Ayew in particular was excellent applying pressure, while the whole team were quick to get back into their defensive shape on the rare occasion that Spurs were able to quickly counter attack.

Ayew rushed Spurs into making passes at the back and with the central dominance behind him, Spurs were often void of creative ideas in these situations.

Swansea`s defensive shape makes it difficult to attack

Swansea`s focus on defending and sitting deep made it very difficult for them to get forward and create some goalscoring chances.

The centre backs were often looking to play long balls up to the strikers but they lacked support, while Abraham and Sanchez had a tough duel up top.

Not only that, but Spurs applied high pressure on our defence making it almost impossible to bring the ball out from the back without being forced to aim long and direct.

When the Swans were able to get the ball forward in or close to the final third, Spurs were also difficult to break through:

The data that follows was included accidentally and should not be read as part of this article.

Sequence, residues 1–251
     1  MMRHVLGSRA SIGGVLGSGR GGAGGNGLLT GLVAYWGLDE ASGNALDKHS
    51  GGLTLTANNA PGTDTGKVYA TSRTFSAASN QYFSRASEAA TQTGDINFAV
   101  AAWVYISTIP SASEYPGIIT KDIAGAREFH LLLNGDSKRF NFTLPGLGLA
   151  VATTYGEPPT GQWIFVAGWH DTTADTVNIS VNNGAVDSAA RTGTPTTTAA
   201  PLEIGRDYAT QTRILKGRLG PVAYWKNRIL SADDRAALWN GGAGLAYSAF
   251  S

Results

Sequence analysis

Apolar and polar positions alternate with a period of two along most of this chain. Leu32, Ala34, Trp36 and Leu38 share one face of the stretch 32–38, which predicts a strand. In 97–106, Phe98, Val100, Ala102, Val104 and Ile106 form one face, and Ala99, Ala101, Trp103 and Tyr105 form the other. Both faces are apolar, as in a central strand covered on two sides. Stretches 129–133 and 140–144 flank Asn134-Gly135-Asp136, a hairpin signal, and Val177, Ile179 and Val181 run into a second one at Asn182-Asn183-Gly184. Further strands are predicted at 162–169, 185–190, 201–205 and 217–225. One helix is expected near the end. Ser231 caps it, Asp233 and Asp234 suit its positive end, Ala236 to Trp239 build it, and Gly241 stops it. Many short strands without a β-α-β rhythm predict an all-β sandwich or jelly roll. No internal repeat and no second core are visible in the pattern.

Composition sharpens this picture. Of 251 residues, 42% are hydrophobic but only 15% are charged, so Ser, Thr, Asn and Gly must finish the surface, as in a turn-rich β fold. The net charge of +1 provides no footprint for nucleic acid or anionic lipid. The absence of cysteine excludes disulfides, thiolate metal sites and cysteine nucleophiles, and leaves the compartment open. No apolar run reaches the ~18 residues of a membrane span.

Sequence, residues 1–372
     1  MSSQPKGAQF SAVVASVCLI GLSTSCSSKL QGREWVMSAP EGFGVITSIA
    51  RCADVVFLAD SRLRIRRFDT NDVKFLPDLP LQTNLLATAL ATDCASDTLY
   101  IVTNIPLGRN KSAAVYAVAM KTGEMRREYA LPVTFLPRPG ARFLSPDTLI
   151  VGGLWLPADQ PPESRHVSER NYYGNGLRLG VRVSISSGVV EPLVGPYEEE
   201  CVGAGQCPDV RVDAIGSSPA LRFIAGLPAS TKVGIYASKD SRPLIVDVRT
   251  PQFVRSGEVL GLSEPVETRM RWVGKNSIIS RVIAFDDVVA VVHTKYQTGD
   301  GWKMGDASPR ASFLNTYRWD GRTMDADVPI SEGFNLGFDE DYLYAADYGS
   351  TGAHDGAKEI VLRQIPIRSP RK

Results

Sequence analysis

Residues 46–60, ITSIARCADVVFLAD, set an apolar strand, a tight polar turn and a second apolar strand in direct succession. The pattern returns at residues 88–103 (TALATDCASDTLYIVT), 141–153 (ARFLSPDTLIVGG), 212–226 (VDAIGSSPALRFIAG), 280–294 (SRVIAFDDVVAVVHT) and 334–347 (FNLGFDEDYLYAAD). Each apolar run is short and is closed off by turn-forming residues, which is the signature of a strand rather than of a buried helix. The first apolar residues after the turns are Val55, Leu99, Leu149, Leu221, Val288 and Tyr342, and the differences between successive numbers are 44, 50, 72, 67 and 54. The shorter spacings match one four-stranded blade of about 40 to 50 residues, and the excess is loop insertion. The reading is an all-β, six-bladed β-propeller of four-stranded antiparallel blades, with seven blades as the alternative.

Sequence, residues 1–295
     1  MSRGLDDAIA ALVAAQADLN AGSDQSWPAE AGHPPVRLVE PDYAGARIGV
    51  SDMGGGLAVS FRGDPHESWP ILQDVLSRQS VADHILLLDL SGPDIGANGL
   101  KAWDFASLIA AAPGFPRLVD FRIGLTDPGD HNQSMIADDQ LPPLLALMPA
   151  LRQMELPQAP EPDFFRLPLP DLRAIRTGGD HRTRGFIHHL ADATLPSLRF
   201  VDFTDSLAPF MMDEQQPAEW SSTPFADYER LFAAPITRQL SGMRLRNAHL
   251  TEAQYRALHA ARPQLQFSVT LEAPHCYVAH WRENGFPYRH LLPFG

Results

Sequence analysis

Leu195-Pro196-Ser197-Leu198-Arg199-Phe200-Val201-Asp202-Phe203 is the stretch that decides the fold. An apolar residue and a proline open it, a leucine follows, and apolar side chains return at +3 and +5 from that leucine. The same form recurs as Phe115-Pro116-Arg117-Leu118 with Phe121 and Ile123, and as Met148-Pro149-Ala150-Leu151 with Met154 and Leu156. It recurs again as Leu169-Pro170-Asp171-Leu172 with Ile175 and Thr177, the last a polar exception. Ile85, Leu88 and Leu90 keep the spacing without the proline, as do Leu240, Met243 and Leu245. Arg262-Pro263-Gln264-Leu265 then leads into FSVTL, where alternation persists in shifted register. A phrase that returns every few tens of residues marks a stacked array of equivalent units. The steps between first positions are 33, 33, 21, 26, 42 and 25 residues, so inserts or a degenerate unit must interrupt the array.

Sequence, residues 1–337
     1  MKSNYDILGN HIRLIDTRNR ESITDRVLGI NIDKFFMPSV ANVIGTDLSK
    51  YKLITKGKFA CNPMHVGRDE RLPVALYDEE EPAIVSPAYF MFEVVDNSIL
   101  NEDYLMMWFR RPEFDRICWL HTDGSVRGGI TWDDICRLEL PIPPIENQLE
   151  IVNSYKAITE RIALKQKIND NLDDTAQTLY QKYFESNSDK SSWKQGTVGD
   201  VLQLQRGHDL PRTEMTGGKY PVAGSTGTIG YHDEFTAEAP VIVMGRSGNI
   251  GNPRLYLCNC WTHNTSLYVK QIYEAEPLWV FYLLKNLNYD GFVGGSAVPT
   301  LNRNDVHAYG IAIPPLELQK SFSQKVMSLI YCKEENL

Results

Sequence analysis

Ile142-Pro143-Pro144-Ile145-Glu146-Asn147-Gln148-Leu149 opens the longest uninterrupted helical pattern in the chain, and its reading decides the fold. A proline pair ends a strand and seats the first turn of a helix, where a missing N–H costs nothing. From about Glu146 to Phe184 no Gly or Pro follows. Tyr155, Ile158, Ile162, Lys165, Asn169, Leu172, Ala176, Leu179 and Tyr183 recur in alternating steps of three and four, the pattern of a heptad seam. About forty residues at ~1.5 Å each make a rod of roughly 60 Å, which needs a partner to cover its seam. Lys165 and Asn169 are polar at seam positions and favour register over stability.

Renato Sanches

Renato Sanches, who kept his place after a poor debut, produced another inconsistent performance but there were moments that suggested he can develop into a useful player for us, but again – it was never too long before he made a mistake – resulting in possession being conceded.

He started our best counter attacking move in the first half, as he fed a ball through for Carroll, who then released Abraham down the right.

The Portuguese midfielder`s performance could be summed up in the three screenshots below, which covers only 5-6 seconds of the game.

At first, Sanches does well (below), he has four Spurs players around him and he avoided a few tackles to begin with.